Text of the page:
Matform purchases Mimaki UJF-7151 Plus direct-to-object LED UV flatbed printer from CMYUK

Jon Tucker and Ian Curling from Matform with a Mimaki UJF-7151 Plus.
Left, Jon Tucker, Sales Manager and Ian Curling, Works Manager

Label manufacturer and engraving expert, Matform has installed a Mimaki UJF-7151 Plus next generation direct-to-object flatbed LED UV printer from CMYUK. The investment replaces a decade-old Mimaki UJF-3042 FX and significantly expands the company’s capabilities and applications reach. 

The 5171 Plus has allowed the company to produce labels far more cost effectively at higher quality and greater speeds. Its printable 710 x510mm bed size has bought with it a slew of benefits. 

“With the 7151Plus, we’re able to produce 8-up artwork, whereas with our old A3 machine we were restricted to 2 or 3. Our investment exposes us to many new opportunities – taking us beyond labels and into the promotional side of the market,” says Jon Tucker, Sales Manager.

“We loved our old Mimaki but obviously, we were restricted by its A3 print size. With the Mimaki 7151 Plus, it’s comfortable enough for a single operator to either load six sheets or a large single one. We no longer have to turn work away,” says Ian Curling, Works Manager. 

The UJF-7151 is geared to high quality on-demand printing at industrial production levels. A digital alternative to traditional screenprinting processes, it offers high speed printing, direct-to-substrates up to 153mm thick and offers precise ink drop placement to 1,200dpi.    

“The fact that it’s such a versatile piece of equipment that can handle a wide variety of substrates, it will attract new customers and with them new applications. The bigger bed allows us to print single large pieces, and place more specific shapes onto it,”  says Jon.  

Matform uses Mimaki’s UV curable LH 100 inks which it previously used with its older machine, but the bonus here is that the ink comes in litre bottles rather than 40ml cartridges, resulting in cost savings and an improved environmental footprint. These inks emit very low levels of VOC (volatile organic compounds) while the curing LED light does not radiate short wavelengths that generate ozone.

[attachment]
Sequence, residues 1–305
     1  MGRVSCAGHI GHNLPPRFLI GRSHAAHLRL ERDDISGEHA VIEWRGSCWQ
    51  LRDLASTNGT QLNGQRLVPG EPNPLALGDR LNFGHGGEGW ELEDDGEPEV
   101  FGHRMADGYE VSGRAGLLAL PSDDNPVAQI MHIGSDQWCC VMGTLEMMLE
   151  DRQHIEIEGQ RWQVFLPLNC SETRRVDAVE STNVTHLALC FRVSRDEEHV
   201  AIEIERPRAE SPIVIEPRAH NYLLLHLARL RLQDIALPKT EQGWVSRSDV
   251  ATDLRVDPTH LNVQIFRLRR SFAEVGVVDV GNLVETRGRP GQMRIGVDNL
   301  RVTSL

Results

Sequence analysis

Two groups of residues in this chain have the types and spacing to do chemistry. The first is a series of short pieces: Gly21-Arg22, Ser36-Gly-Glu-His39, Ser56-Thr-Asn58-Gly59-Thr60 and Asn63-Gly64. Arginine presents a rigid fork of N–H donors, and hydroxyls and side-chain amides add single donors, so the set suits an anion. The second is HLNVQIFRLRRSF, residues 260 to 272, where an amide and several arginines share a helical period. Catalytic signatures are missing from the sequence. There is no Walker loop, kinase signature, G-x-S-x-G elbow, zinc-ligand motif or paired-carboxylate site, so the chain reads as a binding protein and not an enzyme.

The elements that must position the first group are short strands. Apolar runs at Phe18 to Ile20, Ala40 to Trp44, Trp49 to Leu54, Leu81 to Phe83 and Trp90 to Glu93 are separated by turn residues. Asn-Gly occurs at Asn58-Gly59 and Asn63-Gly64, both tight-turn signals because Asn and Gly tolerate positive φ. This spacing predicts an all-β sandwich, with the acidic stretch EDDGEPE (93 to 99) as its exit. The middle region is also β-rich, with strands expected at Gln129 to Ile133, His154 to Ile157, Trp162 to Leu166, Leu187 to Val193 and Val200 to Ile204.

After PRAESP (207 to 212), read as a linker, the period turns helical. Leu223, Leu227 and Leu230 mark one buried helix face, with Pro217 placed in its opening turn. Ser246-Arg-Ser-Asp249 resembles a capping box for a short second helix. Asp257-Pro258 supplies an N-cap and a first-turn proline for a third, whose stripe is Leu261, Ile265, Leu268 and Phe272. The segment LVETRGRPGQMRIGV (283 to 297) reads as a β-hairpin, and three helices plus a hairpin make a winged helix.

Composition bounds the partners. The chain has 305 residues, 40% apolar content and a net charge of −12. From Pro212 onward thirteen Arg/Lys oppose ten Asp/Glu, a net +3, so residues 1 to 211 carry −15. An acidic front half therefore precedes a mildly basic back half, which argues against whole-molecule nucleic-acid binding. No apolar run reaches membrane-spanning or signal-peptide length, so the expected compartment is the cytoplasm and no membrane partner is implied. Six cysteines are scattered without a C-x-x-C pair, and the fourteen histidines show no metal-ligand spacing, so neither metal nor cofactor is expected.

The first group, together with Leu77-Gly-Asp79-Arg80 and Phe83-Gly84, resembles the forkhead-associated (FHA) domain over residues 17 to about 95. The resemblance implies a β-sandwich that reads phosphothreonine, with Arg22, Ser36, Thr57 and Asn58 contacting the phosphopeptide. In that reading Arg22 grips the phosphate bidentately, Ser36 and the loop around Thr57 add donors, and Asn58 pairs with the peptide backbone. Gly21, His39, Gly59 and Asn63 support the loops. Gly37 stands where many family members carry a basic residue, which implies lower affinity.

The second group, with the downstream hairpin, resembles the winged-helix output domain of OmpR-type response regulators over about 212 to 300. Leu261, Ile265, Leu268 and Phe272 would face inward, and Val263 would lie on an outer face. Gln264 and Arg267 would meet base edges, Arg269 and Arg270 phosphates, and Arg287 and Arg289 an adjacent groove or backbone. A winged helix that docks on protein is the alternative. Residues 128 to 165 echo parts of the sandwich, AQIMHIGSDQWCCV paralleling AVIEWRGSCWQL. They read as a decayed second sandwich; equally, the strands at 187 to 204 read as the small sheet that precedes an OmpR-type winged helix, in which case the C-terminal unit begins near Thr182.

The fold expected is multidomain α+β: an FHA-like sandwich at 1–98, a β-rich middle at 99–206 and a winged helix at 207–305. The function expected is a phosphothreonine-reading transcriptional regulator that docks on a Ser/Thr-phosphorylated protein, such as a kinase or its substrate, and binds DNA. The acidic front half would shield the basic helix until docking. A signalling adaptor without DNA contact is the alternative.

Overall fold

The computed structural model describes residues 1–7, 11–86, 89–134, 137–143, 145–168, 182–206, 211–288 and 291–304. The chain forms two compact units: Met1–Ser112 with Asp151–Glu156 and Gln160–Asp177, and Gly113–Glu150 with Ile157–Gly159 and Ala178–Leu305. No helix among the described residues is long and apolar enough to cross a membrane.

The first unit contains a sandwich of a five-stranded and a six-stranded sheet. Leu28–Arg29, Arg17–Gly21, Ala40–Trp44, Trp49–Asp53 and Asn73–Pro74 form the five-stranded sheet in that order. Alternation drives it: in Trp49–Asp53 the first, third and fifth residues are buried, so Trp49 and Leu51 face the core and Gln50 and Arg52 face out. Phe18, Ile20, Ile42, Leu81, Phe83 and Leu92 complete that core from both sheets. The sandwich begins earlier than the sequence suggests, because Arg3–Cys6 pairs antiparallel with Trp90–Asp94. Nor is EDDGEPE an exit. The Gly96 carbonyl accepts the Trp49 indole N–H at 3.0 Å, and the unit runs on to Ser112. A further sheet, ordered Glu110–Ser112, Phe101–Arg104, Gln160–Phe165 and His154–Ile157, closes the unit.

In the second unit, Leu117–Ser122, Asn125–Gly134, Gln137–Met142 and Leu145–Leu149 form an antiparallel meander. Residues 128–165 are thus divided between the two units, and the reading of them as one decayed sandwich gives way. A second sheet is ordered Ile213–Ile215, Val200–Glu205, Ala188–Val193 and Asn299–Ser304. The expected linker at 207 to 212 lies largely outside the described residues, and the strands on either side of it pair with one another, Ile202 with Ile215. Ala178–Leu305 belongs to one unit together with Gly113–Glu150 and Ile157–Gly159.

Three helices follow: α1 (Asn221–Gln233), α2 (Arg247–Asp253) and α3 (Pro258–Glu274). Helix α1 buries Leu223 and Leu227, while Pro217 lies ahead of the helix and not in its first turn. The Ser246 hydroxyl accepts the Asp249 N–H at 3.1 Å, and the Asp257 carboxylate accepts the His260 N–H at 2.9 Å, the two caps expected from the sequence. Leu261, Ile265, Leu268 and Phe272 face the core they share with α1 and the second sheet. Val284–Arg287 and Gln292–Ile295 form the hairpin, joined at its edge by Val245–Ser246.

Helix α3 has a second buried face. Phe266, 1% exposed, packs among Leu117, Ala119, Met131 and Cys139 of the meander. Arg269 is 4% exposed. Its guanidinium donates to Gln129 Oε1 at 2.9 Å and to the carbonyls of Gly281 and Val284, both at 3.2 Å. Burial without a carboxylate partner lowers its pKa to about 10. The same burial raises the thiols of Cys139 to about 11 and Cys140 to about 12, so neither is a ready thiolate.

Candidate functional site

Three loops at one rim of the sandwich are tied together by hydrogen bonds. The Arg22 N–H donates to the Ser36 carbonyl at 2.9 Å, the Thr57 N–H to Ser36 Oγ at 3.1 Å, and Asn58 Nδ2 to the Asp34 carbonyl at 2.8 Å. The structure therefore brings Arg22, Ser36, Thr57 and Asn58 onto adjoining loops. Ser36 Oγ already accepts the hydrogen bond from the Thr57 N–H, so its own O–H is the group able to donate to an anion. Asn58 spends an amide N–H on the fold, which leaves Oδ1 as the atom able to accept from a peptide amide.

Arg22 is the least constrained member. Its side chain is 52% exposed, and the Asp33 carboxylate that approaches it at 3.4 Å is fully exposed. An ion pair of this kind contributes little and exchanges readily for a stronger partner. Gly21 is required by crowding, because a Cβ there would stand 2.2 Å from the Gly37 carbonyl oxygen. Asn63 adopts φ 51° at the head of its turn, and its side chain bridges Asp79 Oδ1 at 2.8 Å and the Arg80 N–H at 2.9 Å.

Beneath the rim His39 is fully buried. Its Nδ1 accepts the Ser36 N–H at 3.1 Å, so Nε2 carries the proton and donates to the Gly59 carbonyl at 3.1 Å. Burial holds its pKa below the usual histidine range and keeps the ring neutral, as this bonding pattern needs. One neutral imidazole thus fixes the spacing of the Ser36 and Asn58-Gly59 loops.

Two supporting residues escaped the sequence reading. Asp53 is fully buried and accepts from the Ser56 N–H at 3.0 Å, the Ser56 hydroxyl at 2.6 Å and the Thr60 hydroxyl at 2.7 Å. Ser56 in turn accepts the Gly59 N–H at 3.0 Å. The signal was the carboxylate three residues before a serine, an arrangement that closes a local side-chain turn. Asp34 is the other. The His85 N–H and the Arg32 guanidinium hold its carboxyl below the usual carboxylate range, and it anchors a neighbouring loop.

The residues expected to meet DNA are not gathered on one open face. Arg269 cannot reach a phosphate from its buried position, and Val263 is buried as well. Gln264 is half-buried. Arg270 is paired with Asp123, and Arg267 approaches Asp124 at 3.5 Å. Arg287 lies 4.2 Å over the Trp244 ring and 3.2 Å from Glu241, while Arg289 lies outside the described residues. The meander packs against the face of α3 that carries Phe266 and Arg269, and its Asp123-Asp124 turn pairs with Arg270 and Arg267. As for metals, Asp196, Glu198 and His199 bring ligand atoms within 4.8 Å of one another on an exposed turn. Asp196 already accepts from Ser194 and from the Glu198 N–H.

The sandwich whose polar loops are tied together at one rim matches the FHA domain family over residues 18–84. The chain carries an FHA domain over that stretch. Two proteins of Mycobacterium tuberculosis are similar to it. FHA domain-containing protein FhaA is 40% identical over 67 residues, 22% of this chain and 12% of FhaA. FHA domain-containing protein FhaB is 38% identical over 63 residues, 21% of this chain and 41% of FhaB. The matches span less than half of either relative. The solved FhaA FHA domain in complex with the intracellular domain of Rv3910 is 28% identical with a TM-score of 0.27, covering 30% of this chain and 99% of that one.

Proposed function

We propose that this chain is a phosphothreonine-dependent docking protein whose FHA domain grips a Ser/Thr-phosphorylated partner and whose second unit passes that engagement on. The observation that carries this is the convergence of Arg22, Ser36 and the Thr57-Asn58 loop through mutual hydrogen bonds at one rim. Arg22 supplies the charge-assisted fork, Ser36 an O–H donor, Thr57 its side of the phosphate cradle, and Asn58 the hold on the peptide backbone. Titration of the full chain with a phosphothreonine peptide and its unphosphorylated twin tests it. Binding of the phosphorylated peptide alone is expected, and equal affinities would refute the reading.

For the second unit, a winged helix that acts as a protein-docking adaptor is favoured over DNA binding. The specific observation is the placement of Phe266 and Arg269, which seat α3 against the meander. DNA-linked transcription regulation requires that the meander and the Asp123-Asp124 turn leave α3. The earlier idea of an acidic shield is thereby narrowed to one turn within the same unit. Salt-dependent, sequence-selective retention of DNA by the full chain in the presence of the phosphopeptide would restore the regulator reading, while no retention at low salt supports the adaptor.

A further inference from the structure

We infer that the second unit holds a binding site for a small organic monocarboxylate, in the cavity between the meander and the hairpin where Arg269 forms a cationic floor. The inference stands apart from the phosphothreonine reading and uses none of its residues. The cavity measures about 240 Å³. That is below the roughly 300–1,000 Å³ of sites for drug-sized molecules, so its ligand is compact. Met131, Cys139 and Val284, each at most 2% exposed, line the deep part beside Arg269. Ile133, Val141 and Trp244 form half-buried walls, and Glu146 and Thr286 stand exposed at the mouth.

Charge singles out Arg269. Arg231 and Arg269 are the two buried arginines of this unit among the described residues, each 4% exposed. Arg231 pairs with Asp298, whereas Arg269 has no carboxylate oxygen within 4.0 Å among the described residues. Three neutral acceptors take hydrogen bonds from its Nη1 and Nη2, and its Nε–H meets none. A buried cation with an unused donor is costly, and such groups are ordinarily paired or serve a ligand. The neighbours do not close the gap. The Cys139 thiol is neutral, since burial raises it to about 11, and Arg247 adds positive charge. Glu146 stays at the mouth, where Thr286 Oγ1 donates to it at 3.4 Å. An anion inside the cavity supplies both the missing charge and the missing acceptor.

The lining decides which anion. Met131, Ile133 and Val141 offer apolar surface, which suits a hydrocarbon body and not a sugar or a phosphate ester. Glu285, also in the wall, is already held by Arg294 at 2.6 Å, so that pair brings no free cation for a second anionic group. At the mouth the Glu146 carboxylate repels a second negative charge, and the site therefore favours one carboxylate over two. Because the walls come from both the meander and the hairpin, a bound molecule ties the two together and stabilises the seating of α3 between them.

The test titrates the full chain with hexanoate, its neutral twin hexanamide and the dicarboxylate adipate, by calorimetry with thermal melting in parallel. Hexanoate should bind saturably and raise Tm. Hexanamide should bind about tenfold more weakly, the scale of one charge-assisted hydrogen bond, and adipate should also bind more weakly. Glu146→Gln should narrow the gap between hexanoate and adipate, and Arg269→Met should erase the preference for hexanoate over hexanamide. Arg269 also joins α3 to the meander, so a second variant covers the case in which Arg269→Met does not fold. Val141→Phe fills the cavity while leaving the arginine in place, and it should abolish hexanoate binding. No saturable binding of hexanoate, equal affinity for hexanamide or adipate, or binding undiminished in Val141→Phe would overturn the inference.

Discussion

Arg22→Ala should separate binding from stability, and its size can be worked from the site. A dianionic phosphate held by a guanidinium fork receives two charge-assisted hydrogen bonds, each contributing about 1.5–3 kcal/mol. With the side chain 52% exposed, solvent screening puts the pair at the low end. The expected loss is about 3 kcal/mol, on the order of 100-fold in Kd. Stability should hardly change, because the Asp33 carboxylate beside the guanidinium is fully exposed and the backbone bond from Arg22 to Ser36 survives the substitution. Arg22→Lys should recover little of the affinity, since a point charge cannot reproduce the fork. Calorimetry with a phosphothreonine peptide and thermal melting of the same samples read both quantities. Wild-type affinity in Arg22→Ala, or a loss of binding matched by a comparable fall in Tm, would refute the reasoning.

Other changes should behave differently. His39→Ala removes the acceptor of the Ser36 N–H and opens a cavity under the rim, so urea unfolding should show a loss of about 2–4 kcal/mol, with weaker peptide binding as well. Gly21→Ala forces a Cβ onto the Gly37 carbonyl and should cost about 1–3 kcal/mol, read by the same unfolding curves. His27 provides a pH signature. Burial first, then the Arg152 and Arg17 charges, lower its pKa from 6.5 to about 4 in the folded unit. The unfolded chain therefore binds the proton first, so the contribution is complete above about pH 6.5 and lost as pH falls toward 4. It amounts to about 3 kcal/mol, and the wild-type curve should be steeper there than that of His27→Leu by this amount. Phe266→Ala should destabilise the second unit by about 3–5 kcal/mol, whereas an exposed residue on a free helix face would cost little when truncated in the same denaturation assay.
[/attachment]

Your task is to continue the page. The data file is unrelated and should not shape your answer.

“The print quality is really good at whatever setting. We basically always run our Mimaki on a medium setting that gives excellent results for an industrial finish and the style of labels that we do. This setting works well on raised lettering – say about 2mm high – still with good definition and detail,” says Ian. 

The 7151 Plus comes with process, white and clear inks plus a primer making it highly suited to personalised giftware, bespoke products, control panels., pens, packaging, small to medium format rigid signage, instrumentation and gauge faces, custom components, branded electronic device cases, covers and more. 

Matform uses the white ink to carry out in-house cold embossing. “The ink is quite forgiving. You can adjust the software for levels of opaqueness, you can lay down two coats of white or as many layers as you want. There’s also a varnish option. We’ve had quite a few customers ask us about producing Braille labels  as we have the ability to build layers with the varnish to create a Braille effect,” says Ian. 

The Matform heritage

Matform was founded in 1969, evolving from a traditional screenprinter into a digital industrial labels manufacturer and digital printer. It is also an engraving specialist, migrating from traditional techniques into adopting Trotec laser technology. 

Its in-house capabilities means that Matform attracts a wide variety of work from servicing the home-based inventor to international engineering companies. 

While self-adhesive reverse printed labels on Lexan-style material is a staple, the company is finding that more varied applications are starting to register on the dial. 

Another application area that has gained a great deal of traction at the company is the printing of sequential QR codes. 

Says Jon, “We’re printing unique markings on so many different substrates – we’ve printed codes on wood for restaurants. The point is now whatever customers require we can fulfil it in-house. We now have the capabilities  that allow us to be truly versatile. Word is getting out – yes labels are our main business but we can offer so much more. Whatever a customer requires we make it our business to deliver.” 

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